DiTommaso, for one, was thrilled to include wild parsnip. He’d always been surprised that, as a common weed, it hadn’t garnered a single mention in the first edition. He wasn’t the only person who noticed.

“Especially in our region, come July, you look along the roadsides, and it’s this Queen Anne’s lace-looking thing with yellow flowers,” he said. “It causes photodermatitis, so if you get the sap on your skin on a sunny day, like many of our Department of Transportation guys, or even homeowners who are whipper snipping this stuff, it can really burn. If animals eat it, too, it’s problematic. I was constantly asked, ‘where is it in your book?’ So I couldn’t wait for that species to be in there.”

Other additions include palmer amaranth (Amaranthus palmeri), i.e., pigweed, a most troublesome, summer annual weed often resistant to herbicide, and lesser celandine (Ranunculus ficaria), a fast-spreading perennial weed of turfgrass and wet areas with showy yellow flowers, which is visible for only a few weeks at the start of spring each year. And of course, the book contains familiar culprits such as swallowwort, kudzu and common ragweed.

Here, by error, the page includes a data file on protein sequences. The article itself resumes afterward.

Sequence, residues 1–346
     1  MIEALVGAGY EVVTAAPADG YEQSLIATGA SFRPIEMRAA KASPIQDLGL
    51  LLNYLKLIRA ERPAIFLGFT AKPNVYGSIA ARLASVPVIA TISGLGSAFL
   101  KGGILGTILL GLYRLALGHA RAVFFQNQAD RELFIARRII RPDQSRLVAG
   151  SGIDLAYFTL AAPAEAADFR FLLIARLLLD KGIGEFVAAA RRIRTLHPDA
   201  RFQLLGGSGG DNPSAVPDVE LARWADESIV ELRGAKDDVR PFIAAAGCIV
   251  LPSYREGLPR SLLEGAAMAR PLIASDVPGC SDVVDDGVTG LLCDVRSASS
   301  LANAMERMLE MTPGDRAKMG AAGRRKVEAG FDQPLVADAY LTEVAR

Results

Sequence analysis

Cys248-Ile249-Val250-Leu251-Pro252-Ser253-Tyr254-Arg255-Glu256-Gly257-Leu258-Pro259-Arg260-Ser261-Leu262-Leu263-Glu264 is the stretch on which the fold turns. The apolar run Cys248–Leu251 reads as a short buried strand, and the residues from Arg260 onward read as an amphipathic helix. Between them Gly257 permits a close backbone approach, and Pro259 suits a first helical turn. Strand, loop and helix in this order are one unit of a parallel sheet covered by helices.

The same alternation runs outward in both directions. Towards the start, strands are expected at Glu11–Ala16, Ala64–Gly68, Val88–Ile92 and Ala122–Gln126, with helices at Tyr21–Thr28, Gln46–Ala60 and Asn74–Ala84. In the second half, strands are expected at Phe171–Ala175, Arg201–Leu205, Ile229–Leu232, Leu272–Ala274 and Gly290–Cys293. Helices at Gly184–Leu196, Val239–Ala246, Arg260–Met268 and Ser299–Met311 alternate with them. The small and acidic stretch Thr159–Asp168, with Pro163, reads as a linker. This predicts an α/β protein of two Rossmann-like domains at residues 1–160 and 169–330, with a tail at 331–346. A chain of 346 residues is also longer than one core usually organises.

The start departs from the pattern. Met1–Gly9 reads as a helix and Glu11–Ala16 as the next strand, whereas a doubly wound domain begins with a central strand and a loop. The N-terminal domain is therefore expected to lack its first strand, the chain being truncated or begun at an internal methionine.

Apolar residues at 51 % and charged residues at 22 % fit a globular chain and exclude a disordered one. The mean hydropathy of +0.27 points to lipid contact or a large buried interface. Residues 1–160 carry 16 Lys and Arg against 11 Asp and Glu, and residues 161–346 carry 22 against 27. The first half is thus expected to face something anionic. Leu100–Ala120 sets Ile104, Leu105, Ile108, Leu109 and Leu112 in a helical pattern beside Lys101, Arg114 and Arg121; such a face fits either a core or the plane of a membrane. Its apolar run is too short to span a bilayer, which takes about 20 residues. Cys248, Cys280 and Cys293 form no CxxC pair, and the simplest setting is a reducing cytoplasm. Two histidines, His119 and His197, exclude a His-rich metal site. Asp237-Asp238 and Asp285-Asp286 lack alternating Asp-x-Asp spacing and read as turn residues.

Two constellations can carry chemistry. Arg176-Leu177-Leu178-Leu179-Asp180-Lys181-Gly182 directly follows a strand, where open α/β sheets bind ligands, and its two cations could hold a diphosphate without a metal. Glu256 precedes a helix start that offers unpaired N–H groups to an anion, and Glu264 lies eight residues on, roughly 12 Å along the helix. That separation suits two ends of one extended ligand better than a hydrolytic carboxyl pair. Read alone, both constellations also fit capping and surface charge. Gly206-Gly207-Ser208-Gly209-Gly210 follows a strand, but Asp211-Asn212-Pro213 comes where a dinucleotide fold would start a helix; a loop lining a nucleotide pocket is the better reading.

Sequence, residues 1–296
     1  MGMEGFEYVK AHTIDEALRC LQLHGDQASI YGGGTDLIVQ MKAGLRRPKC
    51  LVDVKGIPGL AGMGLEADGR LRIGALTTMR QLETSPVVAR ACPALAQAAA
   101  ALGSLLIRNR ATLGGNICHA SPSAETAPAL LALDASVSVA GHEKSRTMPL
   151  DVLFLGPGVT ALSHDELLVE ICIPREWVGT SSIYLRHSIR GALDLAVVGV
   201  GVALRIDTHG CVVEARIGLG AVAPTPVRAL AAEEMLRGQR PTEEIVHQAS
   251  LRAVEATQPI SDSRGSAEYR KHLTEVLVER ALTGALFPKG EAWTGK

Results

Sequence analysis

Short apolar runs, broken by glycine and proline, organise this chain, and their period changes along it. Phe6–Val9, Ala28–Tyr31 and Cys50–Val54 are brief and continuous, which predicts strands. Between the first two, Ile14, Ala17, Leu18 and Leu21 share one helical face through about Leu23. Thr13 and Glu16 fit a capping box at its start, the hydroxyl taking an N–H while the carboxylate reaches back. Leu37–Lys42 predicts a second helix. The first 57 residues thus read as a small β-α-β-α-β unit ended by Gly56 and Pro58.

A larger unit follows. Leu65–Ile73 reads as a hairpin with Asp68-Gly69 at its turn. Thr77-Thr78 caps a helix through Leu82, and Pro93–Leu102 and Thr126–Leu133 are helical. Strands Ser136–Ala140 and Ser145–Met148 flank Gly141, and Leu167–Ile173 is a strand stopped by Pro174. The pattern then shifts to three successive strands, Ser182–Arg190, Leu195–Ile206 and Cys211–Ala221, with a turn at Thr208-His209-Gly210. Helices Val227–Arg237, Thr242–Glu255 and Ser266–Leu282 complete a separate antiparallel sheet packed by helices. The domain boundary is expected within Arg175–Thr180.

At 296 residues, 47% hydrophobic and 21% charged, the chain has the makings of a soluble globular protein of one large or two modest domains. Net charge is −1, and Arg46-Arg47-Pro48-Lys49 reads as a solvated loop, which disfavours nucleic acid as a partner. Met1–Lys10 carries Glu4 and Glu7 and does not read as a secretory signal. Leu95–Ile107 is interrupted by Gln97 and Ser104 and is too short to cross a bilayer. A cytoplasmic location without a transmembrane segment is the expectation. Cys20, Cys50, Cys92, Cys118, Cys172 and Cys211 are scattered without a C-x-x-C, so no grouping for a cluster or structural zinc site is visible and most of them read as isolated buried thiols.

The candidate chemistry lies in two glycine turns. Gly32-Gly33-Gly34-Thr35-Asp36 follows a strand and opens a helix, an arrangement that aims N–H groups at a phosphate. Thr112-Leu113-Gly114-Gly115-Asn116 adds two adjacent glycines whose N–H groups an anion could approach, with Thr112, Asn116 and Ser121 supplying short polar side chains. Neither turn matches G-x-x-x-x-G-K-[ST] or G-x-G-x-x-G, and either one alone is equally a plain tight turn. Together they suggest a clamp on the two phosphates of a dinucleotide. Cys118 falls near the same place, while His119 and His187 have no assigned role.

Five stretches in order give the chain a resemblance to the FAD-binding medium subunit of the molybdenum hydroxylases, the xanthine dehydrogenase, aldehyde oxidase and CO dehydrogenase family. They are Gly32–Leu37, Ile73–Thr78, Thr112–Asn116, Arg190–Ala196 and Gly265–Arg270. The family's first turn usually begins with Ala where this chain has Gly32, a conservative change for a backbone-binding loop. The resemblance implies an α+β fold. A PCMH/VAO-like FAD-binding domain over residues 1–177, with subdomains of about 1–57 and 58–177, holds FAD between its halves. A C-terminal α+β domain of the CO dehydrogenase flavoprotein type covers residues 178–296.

While these weeds are clear-cut nuisances for gardeners, DiTommaso hopes “Weeds of the Northeast” also helps cultivate an appreciation for them, too.

“What a weed is really depends on who you’re talking to, right?” DiTommaso said. “I mean, to my dad, dandelions in the lawn are the worst thing that can happen. But I have beekeeper friends who say that’s what the bees are going after and depend on. They love this stuff. So I guess that’s the message, too. An appreciation for a diversity.”

Interest in the book is already sprouting among extension specialists, according to Deborah Grantham, director of the Cornell-based Northeastern Integrated Pest Management (IPM) Center, which has provided more than 50 copies of the new edition to state IPM programs in the northeast region.

For readers who seek more than an identification book and want to take matters, and weeds, into their own hands, DiTommaso recently co-authored a separate book, “Manage Weeds on Your Farm: A Guide to Ecological Strategies,” available free in PDF form.

DiTommaso uses both books in his fall semester Weed Biology and Management course, which is fitting, given that “Weeds of the Northeast” was his go-to text when he was an undergraduate and graduate student in Canada.

“Now everybody I see here, it’s like, oh, yeah, this is my book,” he said. “I’ve signed so many copies. Now I know what it feels like to be like a star.”

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Becka Bowyer